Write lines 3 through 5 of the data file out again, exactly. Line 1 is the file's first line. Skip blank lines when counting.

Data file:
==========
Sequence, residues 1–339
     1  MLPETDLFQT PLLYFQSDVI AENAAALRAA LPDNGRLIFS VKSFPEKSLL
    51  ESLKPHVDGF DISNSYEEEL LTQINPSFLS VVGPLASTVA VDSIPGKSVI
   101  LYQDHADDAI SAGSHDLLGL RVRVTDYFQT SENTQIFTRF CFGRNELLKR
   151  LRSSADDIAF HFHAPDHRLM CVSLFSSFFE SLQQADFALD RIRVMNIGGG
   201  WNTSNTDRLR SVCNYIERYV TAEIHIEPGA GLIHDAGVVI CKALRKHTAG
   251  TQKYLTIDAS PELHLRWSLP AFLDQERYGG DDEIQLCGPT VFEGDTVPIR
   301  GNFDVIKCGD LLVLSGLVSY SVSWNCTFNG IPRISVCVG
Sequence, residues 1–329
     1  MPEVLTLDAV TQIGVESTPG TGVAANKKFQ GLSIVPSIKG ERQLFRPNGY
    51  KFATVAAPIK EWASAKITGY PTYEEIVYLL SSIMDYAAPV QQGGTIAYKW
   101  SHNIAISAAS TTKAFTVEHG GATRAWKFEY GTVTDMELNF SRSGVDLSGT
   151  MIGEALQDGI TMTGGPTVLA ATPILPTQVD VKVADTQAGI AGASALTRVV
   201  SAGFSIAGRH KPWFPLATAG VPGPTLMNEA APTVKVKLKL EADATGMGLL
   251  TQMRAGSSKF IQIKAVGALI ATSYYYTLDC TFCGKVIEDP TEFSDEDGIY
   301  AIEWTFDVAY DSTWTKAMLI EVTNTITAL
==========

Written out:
    51  ESLKPHVDGF DISNSYEEEL LTQINPSFLS VVGPLASTVA VDSIPGKSVI
   101  LYQDHADDAI SAGSHDLLGL RVRVTDYFQT SENTQIFTRF CFGRNELLKR
   151  LRSSADDIAF HFHAPDHRLM CVSLFSSFFE SLQQADFALD RIRVMNIGGG